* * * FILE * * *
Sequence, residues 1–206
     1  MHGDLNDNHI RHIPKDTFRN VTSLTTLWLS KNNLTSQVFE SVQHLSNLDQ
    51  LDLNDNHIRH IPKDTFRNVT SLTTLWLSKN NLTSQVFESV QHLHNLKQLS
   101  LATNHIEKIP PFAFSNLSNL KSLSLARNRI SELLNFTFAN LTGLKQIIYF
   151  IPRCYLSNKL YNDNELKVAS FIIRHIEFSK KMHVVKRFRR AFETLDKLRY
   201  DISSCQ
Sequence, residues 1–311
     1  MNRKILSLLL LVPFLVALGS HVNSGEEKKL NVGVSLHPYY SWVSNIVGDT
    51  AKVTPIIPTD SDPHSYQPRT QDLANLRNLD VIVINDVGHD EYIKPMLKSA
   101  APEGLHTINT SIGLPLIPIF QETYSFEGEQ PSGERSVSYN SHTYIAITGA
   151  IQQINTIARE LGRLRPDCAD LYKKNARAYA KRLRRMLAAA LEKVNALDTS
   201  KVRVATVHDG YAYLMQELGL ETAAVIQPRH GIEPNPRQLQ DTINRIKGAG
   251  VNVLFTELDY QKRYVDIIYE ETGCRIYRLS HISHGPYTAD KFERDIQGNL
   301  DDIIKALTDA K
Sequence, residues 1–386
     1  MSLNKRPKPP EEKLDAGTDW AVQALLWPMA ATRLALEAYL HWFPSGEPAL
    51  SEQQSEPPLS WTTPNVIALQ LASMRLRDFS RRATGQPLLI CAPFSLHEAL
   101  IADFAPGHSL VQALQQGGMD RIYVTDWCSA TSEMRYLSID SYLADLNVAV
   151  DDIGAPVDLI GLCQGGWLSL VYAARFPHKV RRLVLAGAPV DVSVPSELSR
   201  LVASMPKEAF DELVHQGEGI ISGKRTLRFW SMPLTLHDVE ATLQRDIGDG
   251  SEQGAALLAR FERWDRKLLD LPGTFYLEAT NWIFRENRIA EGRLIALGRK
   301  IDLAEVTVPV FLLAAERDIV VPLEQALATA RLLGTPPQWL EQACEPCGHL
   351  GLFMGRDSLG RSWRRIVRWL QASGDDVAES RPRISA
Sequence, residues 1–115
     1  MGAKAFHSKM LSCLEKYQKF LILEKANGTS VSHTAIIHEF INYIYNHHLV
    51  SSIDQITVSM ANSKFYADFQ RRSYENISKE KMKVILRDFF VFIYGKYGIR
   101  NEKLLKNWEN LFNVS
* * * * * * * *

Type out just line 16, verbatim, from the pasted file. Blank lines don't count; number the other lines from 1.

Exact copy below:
     1  MSLNKRPKPP EEKLDAGTDW AVQALLWPMA ATRLALEAYL HWFPSGEPAL